10th Anniversary Fundraiser:
CNN's Wolf Blitzer seems to think he should be President, because clearly he has all the answers and none of the pressure. Today's episode of "What President Obama Should Have Done" suggested that President Obama is incompetent or surrounded by incompetents, using news of the NSA bugging world leaders' personal cell phones and the HealthcareDotGov website launch as object lessons.
Ideally, news people should have a memory that stretches back farther than a month or so, but evidently Blitzer's hard drive is out of memory, because he begins with Kathleen Sebelius' "admission" that Obama wasn't told about the website problems when Healthcare.gov launched Oct. 1.
Blitzer forgets there were a few other things happening that day, like Republicans shutting down the government and sending the nation careening toward debt default, restive officials in the Middle East, and decisions about whether to cancel his trip to Southeast Asia to work on trade agreements.
When Gloria Borger jumps into the conversation with Blitzer, things really heat up, particularly over news that the NSA did not inform the President that they were tapping into the personal cell phones of world leaders. One might actually have inferred that from the fact that they didn't get anything worth using, because, well...it was a personal phone. One might also assume that if they had informed the President, it would have immediately been brought to an end as it was when the news came out.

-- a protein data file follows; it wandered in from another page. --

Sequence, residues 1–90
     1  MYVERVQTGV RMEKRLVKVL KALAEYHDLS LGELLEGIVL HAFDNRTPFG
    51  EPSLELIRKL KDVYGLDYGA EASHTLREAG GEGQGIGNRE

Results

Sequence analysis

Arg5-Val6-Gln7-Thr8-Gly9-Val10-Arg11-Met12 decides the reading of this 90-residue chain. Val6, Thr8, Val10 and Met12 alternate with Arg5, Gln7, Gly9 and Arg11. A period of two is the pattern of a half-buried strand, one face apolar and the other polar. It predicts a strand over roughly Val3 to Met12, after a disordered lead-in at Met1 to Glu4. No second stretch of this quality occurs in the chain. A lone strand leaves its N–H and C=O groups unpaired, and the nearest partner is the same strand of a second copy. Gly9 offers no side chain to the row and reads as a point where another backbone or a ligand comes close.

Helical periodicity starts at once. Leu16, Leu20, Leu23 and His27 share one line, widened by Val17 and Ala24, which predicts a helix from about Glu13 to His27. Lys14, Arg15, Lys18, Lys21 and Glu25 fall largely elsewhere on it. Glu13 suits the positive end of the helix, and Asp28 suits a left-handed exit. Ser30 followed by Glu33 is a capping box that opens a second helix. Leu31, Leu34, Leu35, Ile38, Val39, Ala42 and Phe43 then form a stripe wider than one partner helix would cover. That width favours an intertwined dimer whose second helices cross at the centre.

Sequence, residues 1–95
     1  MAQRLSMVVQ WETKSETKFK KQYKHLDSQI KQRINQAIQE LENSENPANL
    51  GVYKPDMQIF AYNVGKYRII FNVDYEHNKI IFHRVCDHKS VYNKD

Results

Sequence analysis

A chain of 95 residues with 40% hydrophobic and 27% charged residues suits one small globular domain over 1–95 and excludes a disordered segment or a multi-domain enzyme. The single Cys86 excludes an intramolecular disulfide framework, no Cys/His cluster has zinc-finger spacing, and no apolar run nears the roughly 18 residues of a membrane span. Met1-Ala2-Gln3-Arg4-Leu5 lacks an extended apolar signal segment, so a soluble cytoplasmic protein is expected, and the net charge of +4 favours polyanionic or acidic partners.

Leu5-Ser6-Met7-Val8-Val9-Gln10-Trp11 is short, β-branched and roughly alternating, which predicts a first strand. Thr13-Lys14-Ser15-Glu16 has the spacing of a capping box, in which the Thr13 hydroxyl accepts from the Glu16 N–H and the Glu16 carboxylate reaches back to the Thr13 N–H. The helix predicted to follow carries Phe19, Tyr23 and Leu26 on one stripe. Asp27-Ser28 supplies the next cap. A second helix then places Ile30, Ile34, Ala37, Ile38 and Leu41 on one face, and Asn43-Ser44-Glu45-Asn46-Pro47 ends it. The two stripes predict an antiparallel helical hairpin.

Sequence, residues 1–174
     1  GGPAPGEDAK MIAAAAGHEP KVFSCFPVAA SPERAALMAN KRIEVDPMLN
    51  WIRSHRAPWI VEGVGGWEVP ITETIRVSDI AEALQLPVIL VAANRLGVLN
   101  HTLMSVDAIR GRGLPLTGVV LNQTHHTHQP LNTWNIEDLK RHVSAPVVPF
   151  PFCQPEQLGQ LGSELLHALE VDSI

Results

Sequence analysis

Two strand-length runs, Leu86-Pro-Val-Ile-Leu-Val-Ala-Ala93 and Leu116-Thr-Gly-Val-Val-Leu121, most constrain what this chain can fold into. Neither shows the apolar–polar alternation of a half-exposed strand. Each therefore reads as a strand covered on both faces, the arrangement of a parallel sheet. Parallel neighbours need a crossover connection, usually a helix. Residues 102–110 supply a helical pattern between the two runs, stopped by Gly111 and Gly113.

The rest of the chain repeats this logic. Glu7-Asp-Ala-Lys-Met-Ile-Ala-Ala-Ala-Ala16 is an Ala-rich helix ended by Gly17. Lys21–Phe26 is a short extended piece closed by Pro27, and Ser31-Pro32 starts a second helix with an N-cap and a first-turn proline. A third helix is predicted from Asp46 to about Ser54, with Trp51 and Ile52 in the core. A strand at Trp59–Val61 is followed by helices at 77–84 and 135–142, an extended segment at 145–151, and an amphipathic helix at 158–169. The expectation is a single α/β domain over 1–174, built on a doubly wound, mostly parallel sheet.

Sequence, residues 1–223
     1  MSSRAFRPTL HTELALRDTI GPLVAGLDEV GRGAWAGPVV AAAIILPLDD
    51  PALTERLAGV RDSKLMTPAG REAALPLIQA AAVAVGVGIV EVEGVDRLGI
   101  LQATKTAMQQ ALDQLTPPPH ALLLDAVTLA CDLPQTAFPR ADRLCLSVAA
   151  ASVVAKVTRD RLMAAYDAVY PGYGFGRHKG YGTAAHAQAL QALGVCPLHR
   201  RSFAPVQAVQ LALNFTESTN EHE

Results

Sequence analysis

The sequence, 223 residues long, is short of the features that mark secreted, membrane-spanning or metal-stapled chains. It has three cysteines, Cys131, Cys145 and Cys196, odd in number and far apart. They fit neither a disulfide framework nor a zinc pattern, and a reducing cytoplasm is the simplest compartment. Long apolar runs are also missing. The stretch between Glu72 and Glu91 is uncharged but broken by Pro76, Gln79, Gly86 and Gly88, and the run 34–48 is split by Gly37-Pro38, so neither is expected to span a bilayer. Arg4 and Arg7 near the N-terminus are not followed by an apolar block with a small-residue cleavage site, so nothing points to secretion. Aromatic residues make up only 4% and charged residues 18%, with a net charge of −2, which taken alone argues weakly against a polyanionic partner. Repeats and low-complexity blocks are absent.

For Wolf Blitzer, this is all Obama's fault. For Gloria Borger, it's just another example of how government doesn't work.
Both of those are false frames. Borger says, "I have a hard time believing the President didn't ask 'How's my rollout going?'" and Blitzer righteously exclaims "This is his signature issue...You'd think before the October rollout he'd call in Sebelius, he'd call in others, and say 'Everything ready to go'?"
Because of course, these two would do that.
For the capstone, Wolf channels his inner President, and wonders whether President Obama isn't asking himself whether he should have been more assertive or aggressive in getting answers.
This is a ridiculous segment from start to end and does nothing to illuminate a reasonable discussion about very real issues around procurement, contractors and oversight - both with the website and NSA spying. Clearly, the NSA is operating without appropriate constraints. Similarly, the rollout of the health care website involved many moving parts which are not working well together and which might have been better accomplished by in-house engineers rather than several different private contractors. Those are real issues, and an intelligent discussion would actually inform viewers.
By making this into a What-did-Obama-know-and-when-did-he-know-it moment, they're just playing the Fox News game of turning everything into a controversy, rather than trying to inform viewers or raise legitimate questions that could lead to a constructive discussion of how government works and where oversight should be strengthened.
Once again, we are treated like stupid little sponges with no actual vested interest in the success of a government by, for, and of the people. Because Obama.
By the way, you know who else had a disastrous website launch back in the day? CNN. That's right. Their initial debut on the web was an unmitigated disaster. I was there. I lived through the six-month process of getting it stabilized. And throughout that time, there wasn't a peep from Wolf about it.
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